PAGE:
undercut your credibility. Jeez, Obama stated that he didn't want to keep troops in Iraq. He stated that he didn't agree with Romney that a SOF agreement would have been good. Obama put little or no effort into a SOF agreement. He didn't even call Maliki for 6 months or so during the discussions about a SOF.

    Gates, Panetta, Petraeus, and others wanted to keep a sizeable number of troops in Iraq. They didn't want to give up the gains. They wanted the US to keep a close eye on Maliki. When the troops left, the US was no longer kept an eye on Maliki. It was both keeping some troops in Iraq and keeping an eye on Maliki. With troops in Iraq, the US would have been keeping an eye on Maliki. What occurred, in terms of the immediate deterioration of the situation in Iraq, was predicted by many.

    I'm fine with people arguing that the US should not have invaded Iraq, should have pulled out of Iraq (as they did), should not have started the bombing in Iraq and Syria and other involvement a year ago, and should be stopping that action now. However, to try to argue that Obama's decision to pull out of Iraq did not have a big impact on the current situation, and try to argue that Obama had no choice other than to pull out of Iraq due to the lack of a SOF agreement, is just plain silly, in my view.


    Regarless... (5.00 / 2) (#33)
    by ScottW714 on Mon May 18, 2015 at 11:01:06 AM EST
    ...if there was no invasion of Iraq, ISIS would not exist in Iraq.  The rest is academic, maybe we would have stopped ISIS maybe we would not have, but that is just another unproven hypothesis on what would have happened had one party held power for what, a decade plus ?  

    You guys had 7 years to secure a country you said would be a cake walk, over in several months, that it would pay for itself, and that your team would spread democracy throughout the ME.  All complete fails, and yet we are to believe that Iraq would be fine if Obama had just run Iraq like republicans did even though everything they said about Iraq and what would happen was completely wrong ?

    What is known is that Saddam Hussein kept that country together and did not allow terrorist within it's borders.  Therefore, had we not invaded a country that posed no threat to the US, ISIS would not be controlling part of Iraq, one could even argue it would not exist.

    The apex of all of these arguments is the invasion.  Obama was only doing what the majority of US citizens wanted him to do, what he was elected to do.  He was pulling out regardless of SOF because the republicans got us in a very unpopular war that the majority of US citizens did not want to be in.  And they could not wrap it up in the month's promised and after 7 years and 15,000 dead US boys, most people wanted out.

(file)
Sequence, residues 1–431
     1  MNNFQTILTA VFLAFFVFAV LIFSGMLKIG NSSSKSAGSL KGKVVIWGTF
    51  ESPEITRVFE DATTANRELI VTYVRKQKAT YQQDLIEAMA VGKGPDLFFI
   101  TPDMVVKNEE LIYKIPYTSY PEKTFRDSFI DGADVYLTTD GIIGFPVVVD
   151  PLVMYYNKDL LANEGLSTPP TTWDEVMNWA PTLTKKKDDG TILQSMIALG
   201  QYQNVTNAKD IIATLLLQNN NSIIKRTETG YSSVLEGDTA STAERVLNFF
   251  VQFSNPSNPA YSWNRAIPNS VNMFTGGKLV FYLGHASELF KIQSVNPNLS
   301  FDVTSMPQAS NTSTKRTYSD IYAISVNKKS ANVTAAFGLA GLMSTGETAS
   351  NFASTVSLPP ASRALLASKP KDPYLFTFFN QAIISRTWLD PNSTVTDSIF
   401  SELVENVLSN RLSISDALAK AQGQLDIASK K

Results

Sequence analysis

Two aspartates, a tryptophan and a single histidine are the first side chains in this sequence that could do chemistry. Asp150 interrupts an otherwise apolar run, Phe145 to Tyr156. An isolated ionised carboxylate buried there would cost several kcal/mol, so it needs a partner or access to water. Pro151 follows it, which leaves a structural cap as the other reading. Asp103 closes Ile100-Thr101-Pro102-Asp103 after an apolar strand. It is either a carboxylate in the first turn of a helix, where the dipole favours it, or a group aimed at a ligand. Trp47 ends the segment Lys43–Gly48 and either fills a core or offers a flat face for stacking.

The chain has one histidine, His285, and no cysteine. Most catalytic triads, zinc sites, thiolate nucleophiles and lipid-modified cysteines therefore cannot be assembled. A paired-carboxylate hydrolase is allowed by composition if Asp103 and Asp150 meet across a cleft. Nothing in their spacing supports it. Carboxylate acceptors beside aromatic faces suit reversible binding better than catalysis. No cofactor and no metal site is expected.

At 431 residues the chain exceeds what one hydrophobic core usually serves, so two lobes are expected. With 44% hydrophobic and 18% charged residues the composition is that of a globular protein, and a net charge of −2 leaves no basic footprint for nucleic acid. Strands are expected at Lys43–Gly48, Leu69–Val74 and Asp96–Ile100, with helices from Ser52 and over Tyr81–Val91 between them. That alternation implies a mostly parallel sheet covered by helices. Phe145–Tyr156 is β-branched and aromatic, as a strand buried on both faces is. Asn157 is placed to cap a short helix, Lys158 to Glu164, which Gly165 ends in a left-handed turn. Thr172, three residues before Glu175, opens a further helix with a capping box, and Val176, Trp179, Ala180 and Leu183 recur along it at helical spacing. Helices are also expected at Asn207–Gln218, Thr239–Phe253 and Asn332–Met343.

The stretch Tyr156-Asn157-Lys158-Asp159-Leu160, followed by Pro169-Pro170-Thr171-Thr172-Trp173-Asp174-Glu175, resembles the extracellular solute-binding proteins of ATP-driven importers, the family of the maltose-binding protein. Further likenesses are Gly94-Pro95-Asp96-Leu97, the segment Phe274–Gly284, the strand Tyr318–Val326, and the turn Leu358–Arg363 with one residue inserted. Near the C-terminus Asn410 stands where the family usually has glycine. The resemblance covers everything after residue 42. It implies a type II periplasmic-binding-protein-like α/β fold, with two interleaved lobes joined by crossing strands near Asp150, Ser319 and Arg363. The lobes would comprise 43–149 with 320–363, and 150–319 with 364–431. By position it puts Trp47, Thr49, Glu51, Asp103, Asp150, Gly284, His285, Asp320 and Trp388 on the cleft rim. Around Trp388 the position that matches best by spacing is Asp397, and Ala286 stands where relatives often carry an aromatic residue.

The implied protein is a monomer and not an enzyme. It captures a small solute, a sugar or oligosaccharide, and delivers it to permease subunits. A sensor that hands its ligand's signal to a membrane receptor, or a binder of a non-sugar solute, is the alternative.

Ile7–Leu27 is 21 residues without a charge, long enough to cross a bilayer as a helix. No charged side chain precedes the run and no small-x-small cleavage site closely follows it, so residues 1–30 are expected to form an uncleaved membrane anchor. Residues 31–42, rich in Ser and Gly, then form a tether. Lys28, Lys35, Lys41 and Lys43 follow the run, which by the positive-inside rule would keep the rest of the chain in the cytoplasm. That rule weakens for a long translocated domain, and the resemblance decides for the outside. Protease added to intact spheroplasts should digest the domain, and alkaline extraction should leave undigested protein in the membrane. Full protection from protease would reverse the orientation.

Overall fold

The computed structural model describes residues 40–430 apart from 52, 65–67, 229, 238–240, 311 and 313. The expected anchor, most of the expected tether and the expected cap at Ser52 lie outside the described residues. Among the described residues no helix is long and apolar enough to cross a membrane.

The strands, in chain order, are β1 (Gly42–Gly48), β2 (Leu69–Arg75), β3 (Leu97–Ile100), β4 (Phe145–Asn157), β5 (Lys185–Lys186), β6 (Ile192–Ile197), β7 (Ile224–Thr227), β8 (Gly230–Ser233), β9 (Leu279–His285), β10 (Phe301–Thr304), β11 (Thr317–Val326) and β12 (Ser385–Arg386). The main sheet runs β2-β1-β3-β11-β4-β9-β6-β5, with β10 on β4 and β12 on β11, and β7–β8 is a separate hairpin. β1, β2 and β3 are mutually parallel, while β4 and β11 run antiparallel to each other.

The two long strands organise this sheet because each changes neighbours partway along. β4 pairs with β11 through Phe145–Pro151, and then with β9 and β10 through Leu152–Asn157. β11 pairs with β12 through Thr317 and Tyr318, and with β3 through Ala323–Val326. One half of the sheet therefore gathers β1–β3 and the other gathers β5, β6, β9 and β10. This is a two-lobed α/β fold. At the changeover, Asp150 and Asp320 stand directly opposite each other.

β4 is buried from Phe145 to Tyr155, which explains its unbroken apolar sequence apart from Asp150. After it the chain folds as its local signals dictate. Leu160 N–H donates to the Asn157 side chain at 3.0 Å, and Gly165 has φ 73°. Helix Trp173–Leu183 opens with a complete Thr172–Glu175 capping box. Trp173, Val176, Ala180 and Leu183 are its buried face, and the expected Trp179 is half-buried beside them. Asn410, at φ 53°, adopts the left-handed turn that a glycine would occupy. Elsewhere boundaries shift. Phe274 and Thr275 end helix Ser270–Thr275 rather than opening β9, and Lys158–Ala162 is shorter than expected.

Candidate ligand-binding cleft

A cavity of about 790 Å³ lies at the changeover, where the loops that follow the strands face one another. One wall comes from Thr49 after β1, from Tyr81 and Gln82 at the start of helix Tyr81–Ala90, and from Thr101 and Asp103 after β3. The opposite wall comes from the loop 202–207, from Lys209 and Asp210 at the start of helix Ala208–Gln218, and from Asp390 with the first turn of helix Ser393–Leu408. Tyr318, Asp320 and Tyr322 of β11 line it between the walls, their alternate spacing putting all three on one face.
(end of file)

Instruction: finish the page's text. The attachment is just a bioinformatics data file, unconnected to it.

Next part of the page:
The idea that we can contain terrorist in Iraq or Afghanistan is absurd.  Reagan could not do it, GWB could not do it, Obama could not do it, and whomever decides that they can do it in the future, will not do it.

    So if you think Jeb or whomever is going to contain the middle east by invading Iran or sending troops to Iraq and Syria, you are buying a sales pitch that is most certainly going to fail.  Who doesn't want the world to experience democracy, but wanting and reality in this instance will never be one in the same no matter how many R politicians are selling it.


    Scott, you may or may not be right that (none / 0) (#40)
    by Green26 on Mon May 18, 2015 at 11:42:37 AM EST
    much of this wouldn't have happened without the initial invasion of Iraq (and other mistakes that were made immediately thereafter). The reason I say maybe is that there is no assurance that Saddam would have remained alive and in power for another dozen years, and there have been many other forces impacting the Middle East in the last dozen years, including Arab Spring.

    However, even accepting your view as correct, the US did invade Iraq, so we have to deal with that. And, in my view, Obama has made serious mistakes that have compounded the problem. How does blaming Bush, a dozen years later and over 6 years after he left office, help solve the current problems and set policy?


    Same Arguement Then... (5.00 / 4) (#44)
    by ScottW714 on Mon May 18, 2015 at 12:15:26 PM EST
    ...'However, even accepting your view as correct, the US did pull out, so we have to deal with that.'

    You're looking at one issue and saying the past is the past, let's move on, then getting hung up on another.  When in reality, both are done and neither can me a mulligan and redone.